Availability of adequate funds, to undertake sustained activity flow within UBMS, (Inventory, Inspection, Testing, Maintenance) and subsequent fund provisions for undertaking remedial action as per priority ensures the subsequent elimination of distress in all bridges.

Photo Credit: Team IDDC

Proper fund flows ensure that UBMS management protocol moves from FRWR to RAFS (Repair At First Sight), which is the ultimate goal of UBMS bringing in increased efficiency of UBMS. Fund flow in desirable adequacy enables UBMS to provide solutions to all bridges which show very severe distress on priority in the initial stages, before all bridges in this category are repaired. Once all the bridges with severe distress are attended to, the attention of UBMS shifts to the subset of bridges with less distress till all distress is eliminated on all bridges on the network. Simultaneously, bridges which have lower ratings for Functional and Socio-Economic parameters are also attended to by required intervention to improve the performance of the bridge on this index. To recap, the priority of bridges involves all three parameters of structural safety, functional adequacy and socio-economic importance of the bridge. Once all the bridges are attended to, all Inventory ratings will move to safe or No action band of ratings numbers above 7. Such a scenario, eventually renders the network safe and efficient. This situation is possible only with appropriate level of financial support to UBMS. Inadequate financial support results in prolonged durations of time to repair the subset of bridges with structural distress, functional inadequacy and socio-economic importance. Structural severity increases in bridges with structural distress, Functional inefficiency increases in bridges with marginal loss of functional adequacy with delay in providing required intervention. This could result in exponential increase in cost to repair the bridges with continued delay. 

Proper financial support ensures smooth functioning of UBMS over years resulting in increasing efficiency in management of bridges.

Proper financial support
Figure 1: Decision making module under UBMS is a step protocol
Proper financial support
Figure 2: Decision making module post decision to repair


Efficiency of UBMS is directly dependent upon financial support. UBMS allows a five years period, in short term, to fine tune and establish the fund flow requirements for sustainability of management of bridges. Under long term UBMS can help in predicting deterioration over 15 to 20 years periods thereby allowing planning of budget over that period of time.   Deterioration models under UBMS enable predictive analysis for propagation of distress. These models are specific for each bridge and depend on the type of distress, reason for distress, location of bridge, traffic increments, etc. Such analysis ensures proper estimation of how and where distress will increase and the period it will take to become critical. Deterioration models also can predict the risk involved on a bridge if the bridge is not provided any repair intervention. This allows UBMS to prioritize the bridge for immediate repair, or defer the repair intervention to a later date. UBMS enables clients to decide the level of financial support requirements over a short-term and long-term period.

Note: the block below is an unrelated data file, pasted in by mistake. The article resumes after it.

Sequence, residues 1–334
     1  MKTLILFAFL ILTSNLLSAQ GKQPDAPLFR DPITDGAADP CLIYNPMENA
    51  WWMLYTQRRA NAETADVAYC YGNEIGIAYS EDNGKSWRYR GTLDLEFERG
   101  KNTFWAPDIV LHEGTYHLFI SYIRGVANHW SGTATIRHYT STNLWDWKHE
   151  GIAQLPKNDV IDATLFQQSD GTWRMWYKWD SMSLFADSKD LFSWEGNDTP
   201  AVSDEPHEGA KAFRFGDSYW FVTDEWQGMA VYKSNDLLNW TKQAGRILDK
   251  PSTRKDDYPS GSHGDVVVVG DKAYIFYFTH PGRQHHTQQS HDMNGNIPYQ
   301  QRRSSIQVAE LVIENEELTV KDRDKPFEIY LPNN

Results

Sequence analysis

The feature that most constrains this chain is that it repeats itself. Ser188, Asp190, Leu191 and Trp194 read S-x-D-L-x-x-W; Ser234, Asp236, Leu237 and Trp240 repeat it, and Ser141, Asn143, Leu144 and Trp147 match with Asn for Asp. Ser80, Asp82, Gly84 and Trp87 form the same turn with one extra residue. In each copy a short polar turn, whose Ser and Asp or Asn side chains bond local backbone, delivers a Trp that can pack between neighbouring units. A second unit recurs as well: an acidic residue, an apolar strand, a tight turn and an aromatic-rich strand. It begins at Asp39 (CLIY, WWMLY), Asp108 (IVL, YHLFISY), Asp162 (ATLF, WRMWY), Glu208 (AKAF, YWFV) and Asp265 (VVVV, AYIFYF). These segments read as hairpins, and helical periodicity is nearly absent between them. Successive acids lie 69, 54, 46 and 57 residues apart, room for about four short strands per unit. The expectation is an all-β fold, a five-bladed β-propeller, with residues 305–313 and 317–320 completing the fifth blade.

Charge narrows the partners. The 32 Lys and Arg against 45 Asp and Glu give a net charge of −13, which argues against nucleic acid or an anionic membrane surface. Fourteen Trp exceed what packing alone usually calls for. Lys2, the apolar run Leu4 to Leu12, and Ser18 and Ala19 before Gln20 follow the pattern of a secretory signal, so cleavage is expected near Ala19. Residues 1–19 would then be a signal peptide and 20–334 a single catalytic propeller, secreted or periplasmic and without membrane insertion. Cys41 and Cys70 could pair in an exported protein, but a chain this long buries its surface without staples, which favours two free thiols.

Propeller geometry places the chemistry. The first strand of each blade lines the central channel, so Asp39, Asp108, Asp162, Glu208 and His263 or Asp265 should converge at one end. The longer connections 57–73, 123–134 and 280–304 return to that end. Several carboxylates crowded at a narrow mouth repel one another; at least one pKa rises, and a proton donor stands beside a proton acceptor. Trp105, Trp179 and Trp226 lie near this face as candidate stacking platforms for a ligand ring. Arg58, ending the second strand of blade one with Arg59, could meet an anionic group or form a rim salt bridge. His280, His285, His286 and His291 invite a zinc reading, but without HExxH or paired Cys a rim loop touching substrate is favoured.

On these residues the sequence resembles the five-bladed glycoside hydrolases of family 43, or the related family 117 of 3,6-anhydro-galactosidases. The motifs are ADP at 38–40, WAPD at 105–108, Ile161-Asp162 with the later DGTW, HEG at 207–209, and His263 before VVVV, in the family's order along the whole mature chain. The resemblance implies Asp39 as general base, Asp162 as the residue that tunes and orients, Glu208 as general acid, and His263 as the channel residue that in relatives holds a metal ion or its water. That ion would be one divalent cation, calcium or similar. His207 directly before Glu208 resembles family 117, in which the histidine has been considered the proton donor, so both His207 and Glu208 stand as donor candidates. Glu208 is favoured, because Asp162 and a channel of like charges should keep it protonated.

Proper financial support
Figure 3: Quality control protocol under UBMS


UBMS is a bridge management system that is dependent on the level of financial support provided to the program to ensure sustainability. Once adequate financial support is provided, then UBMS ensures that the funds are utilized in an efficient manner. Such efficiency ensures that all critical bridges on the network are first rehabilitated using FRWD and subsequently once all bridges are safe, the protocol shifts from FRWD to RAFS. Deterioration modelling in UBMS ensures short-term and long-term prediction of fund requirements, risk quotient for the bridge and ensures that funds provided are best utilized. Having said that, one fact cannot be denied that unless adequate financial support is provided, UBMS cannot function efficiently and effectively.

About the author:

SACHIDANAND JOSHI, Emeritus Chair—IBMS @ IDDC Engineers Pvt. Ltd.

The article is authored by SACHIDANAND JOSHI, Emeritus Chair—IBMS @ IDDC Engineers Pvt. Ltd.

All of the author’s career has been devoted to the Rehabilitation of structures. He has been a team leader to over 2000 inspection, repair and rehabilitation projects. Having seen the various causes of distress so closely and the extent of damage and loss that is caused by ZERO maintenance of various structures, he decided to devote his energy to conceptualize a system that can avoid this scenario. From that urge to minimize distress, came his focus on Asset Management Program.

SACHIDANAND JOSHI is presently working passionately to implement Asset Management Programs in various facades of the Civil Engineering industry in India. The author has ha flair to conceptualize projects and get the team to complete the micro-planning.